2D gel electrophoresis

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It is a powerful method of separating protein along a tubular gel using iso-electric focusing and sodium dodecyl sulphate polyacrylamide gel. The sample undergoes iso-electric focusing first; an electrical current is passed through a gel with a pH gradient, and the proteins stop moving when they reach the pH at which they have no net charge - this is known as the Iso-electric point (pI). The sample is then placed horizontally on top of SDS-PAGE and spreads across. The sample then moves vertically down again to yield the second dimension based on the size of the protein, producing a 2D pattern. So the sample has been separated by virtue of Iso-electric point (pI)[1], when they move horizontally and by virtue of their size; when they move down vertically. 

Because of the specificity of this method, it is possible to identify over one thousand proteins on the same gel, in one experiment [2].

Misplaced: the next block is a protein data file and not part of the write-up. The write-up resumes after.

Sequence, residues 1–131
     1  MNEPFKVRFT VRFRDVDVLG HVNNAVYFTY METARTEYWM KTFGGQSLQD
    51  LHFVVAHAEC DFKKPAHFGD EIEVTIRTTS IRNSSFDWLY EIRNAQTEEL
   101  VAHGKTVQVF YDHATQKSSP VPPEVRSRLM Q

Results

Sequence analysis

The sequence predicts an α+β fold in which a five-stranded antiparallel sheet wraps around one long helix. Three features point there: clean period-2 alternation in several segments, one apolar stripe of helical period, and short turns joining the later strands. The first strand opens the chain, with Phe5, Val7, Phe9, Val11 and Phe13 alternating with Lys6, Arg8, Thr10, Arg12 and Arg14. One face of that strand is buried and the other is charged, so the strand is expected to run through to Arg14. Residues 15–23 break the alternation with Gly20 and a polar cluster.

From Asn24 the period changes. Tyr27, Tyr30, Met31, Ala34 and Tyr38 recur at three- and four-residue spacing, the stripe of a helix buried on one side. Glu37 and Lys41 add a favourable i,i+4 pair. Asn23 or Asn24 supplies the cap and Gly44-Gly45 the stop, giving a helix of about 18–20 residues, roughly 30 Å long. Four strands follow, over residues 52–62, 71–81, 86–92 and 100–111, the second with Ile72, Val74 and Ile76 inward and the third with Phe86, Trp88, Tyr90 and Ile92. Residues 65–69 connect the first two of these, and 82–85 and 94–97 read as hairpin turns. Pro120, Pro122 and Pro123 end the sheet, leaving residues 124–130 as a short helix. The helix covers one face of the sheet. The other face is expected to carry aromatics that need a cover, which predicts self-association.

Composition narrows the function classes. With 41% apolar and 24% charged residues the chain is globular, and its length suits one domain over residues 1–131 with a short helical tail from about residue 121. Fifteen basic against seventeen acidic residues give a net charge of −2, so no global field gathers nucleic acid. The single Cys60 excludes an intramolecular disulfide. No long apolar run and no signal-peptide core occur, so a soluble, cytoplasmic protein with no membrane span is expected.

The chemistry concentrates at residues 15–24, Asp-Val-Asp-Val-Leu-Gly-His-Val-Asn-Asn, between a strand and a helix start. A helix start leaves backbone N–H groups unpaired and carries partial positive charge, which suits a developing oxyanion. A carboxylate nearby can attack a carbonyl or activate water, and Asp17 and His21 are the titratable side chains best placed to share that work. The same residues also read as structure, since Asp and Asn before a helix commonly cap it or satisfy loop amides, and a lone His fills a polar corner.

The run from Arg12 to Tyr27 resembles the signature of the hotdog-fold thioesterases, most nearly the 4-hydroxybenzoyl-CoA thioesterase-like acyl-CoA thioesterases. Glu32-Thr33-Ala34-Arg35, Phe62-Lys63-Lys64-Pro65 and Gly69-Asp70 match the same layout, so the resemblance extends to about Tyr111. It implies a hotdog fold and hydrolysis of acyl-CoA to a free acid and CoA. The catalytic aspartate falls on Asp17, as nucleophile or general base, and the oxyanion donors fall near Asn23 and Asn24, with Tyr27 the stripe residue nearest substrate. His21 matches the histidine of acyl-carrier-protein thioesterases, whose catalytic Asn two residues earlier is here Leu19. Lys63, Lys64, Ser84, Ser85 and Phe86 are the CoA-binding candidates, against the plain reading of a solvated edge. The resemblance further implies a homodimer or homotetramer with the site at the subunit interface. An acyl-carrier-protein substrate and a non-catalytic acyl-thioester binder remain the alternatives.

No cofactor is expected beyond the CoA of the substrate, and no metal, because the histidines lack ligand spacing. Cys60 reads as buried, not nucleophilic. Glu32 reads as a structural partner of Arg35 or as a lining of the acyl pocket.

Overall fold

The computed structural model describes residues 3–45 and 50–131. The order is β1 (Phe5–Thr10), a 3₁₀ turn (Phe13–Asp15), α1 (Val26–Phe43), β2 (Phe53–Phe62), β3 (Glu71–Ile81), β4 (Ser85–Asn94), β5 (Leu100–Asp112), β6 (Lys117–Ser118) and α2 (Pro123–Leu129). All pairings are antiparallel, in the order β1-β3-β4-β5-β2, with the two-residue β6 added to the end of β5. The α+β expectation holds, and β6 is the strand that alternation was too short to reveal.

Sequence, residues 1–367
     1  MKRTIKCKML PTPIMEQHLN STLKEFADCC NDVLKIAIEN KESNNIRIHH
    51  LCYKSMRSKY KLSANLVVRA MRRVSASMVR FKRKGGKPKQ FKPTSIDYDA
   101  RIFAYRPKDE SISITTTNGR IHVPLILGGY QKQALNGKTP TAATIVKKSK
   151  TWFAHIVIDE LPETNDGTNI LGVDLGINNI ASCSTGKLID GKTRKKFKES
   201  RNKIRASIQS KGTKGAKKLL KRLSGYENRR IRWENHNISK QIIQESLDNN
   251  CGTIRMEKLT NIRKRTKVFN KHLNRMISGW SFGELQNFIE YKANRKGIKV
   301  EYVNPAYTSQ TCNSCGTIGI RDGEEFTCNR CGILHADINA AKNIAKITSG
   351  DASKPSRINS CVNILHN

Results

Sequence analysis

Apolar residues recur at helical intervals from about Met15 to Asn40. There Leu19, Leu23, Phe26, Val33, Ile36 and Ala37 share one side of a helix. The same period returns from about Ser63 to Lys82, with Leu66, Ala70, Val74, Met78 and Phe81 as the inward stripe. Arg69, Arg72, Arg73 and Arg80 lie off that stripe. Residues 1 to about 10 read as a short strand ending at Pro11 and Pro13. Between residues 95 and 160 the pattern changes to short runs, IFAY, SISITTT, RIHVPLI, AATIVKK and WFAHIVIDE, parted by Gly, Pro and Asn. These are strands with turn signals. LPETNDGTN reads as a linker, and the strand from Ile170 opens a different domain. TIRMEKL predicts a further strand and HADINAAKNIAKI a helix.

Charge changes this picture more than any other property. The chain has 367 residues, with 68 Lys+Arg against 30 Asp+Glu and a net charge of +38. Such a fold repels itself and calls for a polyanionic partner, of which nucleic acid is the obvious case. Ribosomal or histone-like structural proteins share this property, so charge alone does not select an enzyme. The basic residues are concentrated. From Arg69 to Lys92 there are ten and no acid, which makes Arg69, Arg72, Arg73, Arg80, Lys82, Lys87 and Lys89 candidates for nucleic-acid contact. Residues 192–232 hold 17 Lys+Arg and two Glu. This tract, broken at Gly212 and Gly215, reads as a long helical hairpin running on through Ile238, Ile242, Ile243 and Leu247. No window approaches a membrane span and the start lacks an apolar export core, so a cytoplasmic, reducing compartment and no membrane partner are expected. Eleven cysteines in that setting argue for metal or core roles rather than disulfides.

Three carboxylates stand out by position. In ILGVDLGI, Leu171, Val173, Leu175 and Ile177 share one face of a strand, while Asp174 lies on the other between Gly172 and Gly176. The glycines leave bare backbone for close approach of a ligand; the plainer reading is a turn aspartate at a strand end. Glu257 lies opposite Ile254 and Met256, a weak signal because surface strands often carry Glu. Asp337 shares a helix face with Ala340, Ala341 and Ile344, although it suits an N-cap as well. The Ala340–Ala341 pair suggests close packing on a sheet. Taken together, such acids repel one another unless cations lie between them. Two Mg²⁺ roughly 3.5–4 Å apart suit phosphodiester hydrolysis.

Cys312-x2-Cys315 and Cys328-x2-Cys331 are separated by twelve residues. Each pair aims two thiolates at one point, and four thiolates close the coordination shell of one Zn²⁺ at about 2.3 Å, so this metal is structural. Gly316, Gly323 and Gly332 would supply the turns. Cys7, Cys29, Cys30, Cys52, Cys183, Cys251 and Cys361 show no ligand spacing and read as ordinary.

The concentration of isolated proteins can be determined by measuring the intensity of the spots on the gel. Comparing this to other cells can show differences due to differing physiological conditions [3].

This method can be used to separate DNA fragments because the phosphate backbone of DNA has a negative charge. The distance a DNA fragment travels is inversely proportional to the log of its molecular weight.

Reference

  1. Berg , j. Toya, W. 1995. biochemistry, 7 edition, new york
  2. Stryer, Lubert; Tymoczko, John L.; Berg, Jeremy M., (2012) Biochemistry, 7th Edition, New York: WH Freeman and Co. Page 74
  3. Two- dimensional electrophoresis: (Page 76) Berg J, Tymoczko J, Stryer L. Biochemistry. Seventh Edition. New York: W.H. Freeman; 2012.
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